07:53 GMT26 February 2021
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    Days after civil rights lawyers filed lawsuits accusing authorities in St. Louis, Missouri suburbs of illegally jailing residents for unpaid fines, state lawmakers passed a bill that would limit the amount of revenue a municipality can make from citations.

    The Missouri Senate on Thursday passed a bill that would make it illegal for a municipality to have more than 20% of their revenue come from traffic tickets and fines in 2016, and that drops to 10% in 2017. The current allowable amount is 30%.

    The bill, sponsored by Senator Eric Schmitt, passed unanimously, 34-0. It now goes to the Missouri House.

    The proposed law could reduce the number of ticket-happy cops in Missouri.
    © AP Photo / kbrookes
    The proposed law could reduce the number of ticket-happy cops in Missouri.

    According to Senator Schmitt, 14 municipalities in St. Louis County, roughly 1 out of 6, collect more money from traffic tickets and fines than from any other source.

    “You can't have government by speed trap and that's what we have in this county” Schmitt told KMOV 4 in St. Louis. “Six years ago, [St. Louis suburb] St. Ann wrote about 2,000 tickets; now they write about 9,000 tickets. They used to have 500,000 in revenue; now it is $3.5 million.”

    St. Ann is among the 21 north St. Louis County municipalities that collect more than 20% of their revenue from traffic tickets and fines. KMOV reported.

    “People ought to be offended that police departments are being used this way by their mayors and city managers who view citizens of those communities and surrounding communities as ATMs for their governments” Schmitt said.

    Organizations supporting the bill include the St. Louis Tea Party and the American Civil Liberties Union.

    “If the St. Louis Tea Party coalition and the ACLU are on the same page on something, we must be going down the right path,” Tea Party leader Bill Hennessy recently told a legislative committee, moments after a local ACLU leader had testified in support of the bill, the New York Times reported.

    But Edmunson Mayor John Gwaltney, whose municipality would be affected greatly by the bill, protested that tickets help pay for the police department. He insists that a drop in the number of traffic citations could eventually lead to “anarchy.”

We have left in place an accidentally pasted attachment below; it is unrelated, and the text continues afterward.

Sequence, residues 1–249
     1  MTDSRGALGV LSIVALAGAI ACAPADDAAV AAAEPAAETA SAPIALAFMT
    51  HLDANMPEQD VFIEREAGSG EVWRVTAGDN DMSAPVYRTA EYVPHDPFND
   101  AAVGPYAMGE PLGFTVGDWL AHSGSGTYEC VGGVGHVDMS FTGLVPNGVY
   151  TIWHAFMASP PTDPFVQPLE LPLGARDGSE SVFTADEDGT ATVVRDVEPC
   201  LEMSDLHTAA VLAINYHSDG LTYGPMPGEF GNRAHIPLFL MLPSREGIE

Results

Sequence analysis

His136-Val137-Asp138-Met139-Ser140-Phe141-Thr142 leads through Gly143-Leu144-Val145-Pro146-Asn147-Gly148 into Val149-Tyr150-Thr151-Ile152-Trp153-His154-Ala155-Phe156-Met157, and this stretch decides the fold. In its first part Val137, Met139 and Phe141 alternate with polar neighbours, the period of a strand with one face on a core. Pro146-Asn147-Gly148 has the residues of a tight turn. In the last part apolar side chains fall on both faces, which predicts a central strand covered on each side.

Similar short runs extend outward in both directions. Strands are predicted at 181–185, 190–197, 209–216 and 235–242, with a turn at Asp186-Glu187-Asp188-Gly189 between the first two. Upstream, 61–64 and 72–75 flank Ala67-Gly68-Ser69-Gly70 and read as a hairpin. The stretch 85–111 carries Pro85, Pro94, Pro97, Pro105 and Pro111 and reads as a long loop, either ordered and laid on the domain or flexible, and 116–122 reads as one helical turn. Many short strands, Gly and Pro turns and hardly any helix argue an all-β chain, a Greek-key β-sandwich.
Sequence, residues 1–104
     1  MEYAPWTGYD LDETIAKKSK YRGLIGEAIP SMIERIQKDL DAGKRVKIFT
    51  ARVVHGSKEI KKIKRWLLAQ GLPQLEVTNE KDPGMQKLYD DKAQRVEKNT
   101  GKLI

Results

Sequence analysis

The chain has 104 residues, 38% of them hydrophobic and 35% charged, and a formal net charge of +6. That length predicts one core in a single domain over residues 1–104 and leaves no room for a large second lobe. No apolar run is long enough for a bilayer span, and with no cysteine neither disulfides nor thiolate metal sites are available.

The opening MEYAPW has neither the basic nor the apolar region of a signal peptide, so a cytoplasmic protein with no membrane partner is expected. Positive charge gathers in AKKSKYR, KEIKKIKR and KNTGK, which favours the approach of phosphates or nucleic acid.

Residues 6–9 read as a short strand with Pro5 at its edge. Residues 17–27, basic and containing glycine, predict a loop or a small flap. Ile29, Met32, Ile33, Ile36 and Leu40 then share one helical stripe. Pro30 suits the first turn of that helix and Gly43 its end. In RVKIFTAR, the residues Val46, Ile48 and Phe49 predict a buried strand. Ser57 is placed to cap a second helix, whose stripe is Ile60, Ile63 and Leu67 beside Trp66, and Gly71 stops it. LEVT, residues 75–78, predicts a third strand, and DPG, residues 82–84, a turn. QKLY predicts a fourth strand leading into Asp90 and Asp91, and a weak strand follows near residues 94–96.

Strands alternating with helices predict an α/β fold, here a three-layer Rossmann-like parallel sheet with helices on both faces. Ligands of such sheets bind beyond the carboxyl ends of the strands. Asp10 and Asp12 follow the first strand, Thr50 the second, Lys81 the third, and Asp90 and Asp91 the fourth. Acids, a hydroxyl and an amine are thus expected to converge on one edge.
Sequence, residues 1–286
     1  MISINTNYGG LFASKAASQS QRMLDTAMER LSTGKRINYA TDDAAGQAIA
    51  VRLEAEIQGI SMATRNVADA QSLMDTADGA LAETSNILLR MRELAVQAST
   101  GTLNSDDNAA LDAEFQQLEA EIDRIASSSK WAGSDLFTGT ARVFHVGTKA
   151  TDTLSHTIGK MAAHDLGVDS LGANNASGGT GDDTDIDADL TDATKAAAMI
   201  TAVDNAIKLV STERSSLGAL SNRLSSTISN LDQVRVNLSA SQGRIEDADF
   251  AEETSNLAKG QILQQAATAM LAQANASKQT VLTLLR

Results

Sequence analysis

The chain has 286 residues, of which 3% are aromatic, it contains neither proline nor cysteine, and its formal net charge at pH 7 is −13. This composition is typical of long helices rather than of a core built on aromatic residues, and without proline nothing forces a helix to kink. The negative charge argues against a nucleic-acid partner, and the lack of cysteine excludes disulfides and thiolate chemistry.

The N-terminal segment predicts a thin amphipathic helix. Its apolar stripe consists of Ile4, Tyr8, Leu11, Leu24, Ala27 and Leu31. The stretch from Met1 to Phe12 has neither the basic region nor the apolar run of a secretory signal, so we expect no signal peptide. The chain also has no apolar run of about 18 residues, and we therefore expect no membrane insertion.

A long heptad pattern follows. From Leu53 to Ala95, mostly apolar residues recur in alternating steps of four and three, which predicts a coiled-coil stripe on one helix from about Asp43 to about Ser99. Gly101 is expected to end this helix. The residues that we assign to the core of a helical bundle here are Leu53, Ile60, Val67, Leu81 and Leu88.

“What's next don't write tickets or arrest someone for breaking into a home?”

    Edmunson, a city of about 800 residents, gets roughly a third of its revenue through municipal court. Last year, when the number of tickets issued plunged, the mayor wrote police a memo and included it in envelopes containing their paychecks.

    Gwaltney’s memo said that he had noticed a "marked downturn in traffic and other tickets," reminded officers "the tickets you write do add to the revenue on which the Police Department is established, and will directly affect pay adjustments at budget time," KMOV reported.

    The mayor claimed he “was trying to motivate them to do their job and do it right … tickets are the only way.”

    On Sunday, civil rights lawyers filed federal lawsuits accusing authorities in Ferguson and Jennings, Missouri, of running the equivalent of debtors’ prisons by illegally jailing hundreds of mostly poor, black residents for unpaid debts, many from traffic tickets.

    An October study by the nonprofit group Better Together found that municipal courts in St. Louis and St. Louis County collected nearly half of the $132 million in fines paid statewide, despite being home to fewer than one in four Missourians.

    In Ferguson, which has about 21,000 residents, revenue from citations was the second-largest source of income, accounting for $2.6 million of $20 million collected, the Washington Post reported. Traffic-fine revenue there has increased 44% since 2011.

    Tags:
    debtors prisons, citation, fine, St. Louis Tea Party, American Civil Liberties Union (ACLU), Eric Schmitt, Ferguson
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